‘Organic’ Doesn’t Mean ‘Healthier’

Buying organic groceries comes at quite a high price, but people justify it with all of the nutritional benefits of eating all-natural. It’s just too bad there really are none.

A recently published paper by Stanford University demonstrated that there are no “marked health benefits from consuming organic versus conventional foods.”

This paper used meta-analysis — the process of consolidating data from previous experiments and papers — to look at the aggregate results of a previous 237 studies, the largest analysis done to date. The results showed no significant differences in the nutritional values of organic fruits, vegetables and meats.

There were some differences in organic products, such as lower levels of pesticide residues, though both organic and conventional foods were under the levels required by the Food and Drug Administration (FDA). Additionally, organic meats contained less antibiotic-resistant bacteria. The effects, if any, of these small levels of pesticide residues are unclear, and all bacteria should be killed if food is cooked correctly.

This study does have a significant downside. It is not a long-term study and only looked at the food samples. There are no studies out that look at the health effects of individuals eating organic versus conventional food over long periods of time.

While not all people buy organic food purely for the health benefits, farming conditions and taste of the food are both considerations that should be made whenever purchasing groceries. Health is definitely an aspect that had been accepted by the general public (myself included) unflinchingly up until this point.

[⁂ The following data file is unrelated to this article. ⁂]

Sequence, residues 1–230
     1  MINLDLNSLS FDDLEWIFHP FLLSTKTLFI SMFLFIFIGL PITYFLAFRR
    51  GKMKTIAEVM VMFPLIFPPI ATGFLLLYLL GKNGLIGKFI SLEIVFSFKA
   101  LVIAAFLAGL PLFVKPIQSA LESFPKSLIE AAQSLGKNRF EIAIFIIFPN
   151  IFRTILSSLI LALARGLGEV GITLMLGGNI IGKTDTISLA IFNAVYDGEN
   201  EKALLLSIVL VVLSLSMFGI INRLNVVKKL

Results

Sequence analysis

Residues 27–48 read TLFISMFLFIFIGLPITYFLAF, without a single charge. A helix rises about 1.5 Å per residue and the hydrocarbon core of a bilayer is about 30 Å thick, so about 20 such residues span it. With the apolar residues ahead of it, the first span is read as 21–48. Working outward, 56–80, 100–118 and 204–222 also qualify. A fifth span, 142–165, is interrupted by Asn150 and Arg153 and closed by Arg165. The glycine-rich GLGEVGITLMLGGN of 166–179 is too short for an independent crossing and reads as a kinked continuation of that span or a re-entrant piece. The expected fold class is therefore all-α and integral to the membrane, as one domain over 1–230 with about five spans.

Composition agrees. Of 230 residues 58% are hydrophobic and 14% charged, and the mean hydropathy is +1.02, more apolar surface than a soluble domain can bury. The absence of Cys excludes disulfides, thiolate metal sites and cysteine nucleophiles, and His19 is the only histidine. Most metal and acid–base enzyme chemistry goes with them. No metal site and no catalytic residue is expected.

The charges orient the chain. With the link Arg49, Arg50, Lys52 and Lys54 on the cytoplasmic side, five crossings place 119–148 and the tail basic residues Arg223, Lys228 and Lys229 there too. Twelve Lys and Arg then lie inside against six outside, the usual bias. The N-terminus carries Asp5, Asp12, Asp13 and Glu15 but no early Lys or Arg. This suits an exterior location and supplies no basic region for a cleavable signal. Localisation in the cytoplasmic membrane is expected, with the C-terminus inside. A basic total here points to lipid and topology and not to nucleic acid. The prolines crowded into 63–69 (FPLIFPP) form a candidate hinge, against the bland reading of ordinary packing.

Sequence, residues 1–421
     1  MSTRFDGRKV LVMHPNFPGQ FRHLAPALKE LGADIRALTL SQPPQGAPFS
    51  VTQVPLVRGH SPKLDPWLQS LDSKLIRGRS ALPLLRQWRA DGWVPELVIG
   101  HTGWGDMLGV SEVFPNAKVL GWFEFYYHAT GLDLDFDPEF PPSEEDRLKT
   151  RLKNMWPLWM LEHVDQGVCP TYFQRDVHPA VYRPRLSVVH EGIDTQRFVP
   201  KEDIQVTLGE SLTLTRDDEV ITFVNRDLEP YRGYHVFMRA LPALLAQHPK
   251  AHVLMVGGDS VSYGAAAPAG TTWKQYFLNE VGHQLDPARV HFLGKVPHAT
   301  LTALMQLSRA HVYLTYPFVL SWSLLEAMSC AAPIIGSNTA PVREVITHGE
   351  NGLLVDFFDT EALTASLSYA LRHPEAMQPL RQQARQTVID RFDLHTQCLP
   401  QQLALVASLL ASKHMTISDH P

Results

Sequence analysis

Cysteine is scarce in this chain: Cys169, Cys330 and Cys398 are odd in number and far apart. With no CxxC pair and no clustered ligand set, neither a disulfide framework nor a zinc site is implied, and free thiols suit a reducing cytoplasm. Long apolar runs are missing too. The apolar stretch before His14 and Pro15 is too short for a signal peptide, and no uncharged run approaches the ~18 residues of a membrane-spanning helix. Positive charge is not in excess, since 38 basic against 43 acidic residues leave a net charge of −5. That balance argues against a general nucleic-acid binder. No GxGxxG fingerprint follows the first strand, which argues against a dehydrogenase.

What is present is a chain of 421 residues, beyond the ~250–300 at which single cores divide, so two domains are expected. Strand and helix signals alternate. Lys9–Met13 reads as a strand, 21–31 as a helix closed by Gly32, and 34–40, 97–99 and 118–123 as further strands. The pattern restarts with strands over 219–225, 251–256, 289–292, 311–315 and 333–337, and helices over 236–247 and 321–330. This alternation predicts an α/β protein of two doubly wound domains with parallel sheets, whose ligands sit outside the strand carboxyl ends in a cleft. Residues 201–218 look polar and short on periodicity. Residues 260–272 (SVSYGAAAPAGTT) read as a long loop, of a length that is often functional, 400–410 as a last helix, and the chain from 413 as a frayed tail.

There are two possibilities that might explain this mindset.

First, it could be that these organic foods, and places that sell them, are normally more expensive and thus are just assumed to be “better” for the consumer. Sometimes, price and credibility go hand-in-hand.

Second, it could be the by-product of the advertisement campaign for a healthier lifestyle by the same stores that are selling all these organic products.

This sort of advertising has successfully convinced people that organic food is healthier than it really is. The study serves as a reminder that we should be wary of what we may hear online or on television. After all, companies, even ones like Whole Foods, are looking to make a profit. They don’t care if they have to lie to you to do it.

A perfect example is the cigarette industry.

When they were first introduced, the tobacco companies were advertising all the health benefits of their product. You heard me right, cigarettes were once lauded as a healthy habit. Tobacco was considered a good weight-loss supplement and, yes, a cough suppressant. At the time, “leading doctors” signed off on one brand after another.

While lawsuits would keep companies from making such hugely false claims today without at least some prior research to back it up, the use of doctors to back claims for our health is just as prevalent.

But it doesn’t stop with cigarettes.

In the early 1900s trans fat was used as a cheap alternative to butter. Advocates of trans fat claimed that their product was healthier for people than the saturated fats in butter. Turns out, it wasn’t true. Trans fat is one of the unhealthiest things you can eat.

I’m not trying to convince you what to eat and what not to eat. You should go to a nutritionist for that. It is just important to stress how willing companies are to lie to you.

Caution is necessary when evaluating any information you’re given. I’m not suggesting you don’t shop at Whole Foods anymore — and by the way, their hot food is fantastic — but don’t fool yourself with ideas that everything you eat there is adding years to your life.

Associate Editor Jeremy Benedik is a College senior from Georgetown, Texas